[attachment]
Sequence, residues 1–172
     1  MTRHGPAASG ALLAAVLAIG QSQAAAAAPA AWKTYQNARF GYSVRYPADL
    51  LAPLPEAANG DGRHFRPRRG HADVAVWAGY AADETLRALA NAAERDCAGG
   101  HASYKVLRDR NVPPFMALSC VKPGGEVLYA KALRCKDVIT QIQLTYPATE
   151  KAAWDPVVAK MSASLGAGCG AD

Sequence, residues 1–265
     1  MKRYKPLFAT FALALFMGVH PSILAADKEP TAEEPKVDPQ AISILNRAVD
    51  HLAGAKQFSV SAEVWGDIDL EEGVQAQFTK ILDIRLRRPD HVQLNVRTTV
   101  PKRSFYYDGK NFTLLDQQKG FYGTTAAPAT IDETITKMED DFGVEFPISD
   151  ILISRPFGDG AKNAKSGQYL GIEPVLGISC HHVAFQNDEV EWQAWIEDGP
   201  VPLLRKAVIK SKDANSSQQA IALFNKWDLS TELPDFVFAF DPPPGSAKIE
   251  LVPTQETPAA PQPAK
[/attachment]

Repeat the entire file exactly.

Sequence, residues 1–172
     1  MTRHGPAASG ALLAAVLAIG QSQAAAAAPA AWKTYQNARF GYSVRYPADL
    51  LAPLPEAANG DGRHFRPRRG HADVAVWAGY AADETLRALA NAAERDCAGG
   101  HASYKVLRDR NVPPFMALSC VKPGGEVLYA KALRCKDVIT QIQLTYPATE
   151  KAAWDPVVAK MSASLGAGCG AD

Sequence, residues 1–265
     1  MKRYKPLFAT FALALFMGVH PSILAADKEP TAEEPKVDPQ AISILNRAVD
    51  HLAGAKQFSV SAEVWGDIDL EEGVQAQFTK ILDIRLRRPD HVQLNVRTTV
   101  PKRSFYYDGK NFTLLDQQKG FYGTTAAPAT IDETITKMED DFGVEFPISD
   151  ILISRPFGDG AKNAKSGQYL GIEPVLGISC HHVAFQNDEV EWQAWIEDGP
   201  VPLLRKAVIK SKDANSSQQA IALFNKWDLS TELPDFVFAF DPPPGSAKIE
   251  LVPTQETPAA PQPAK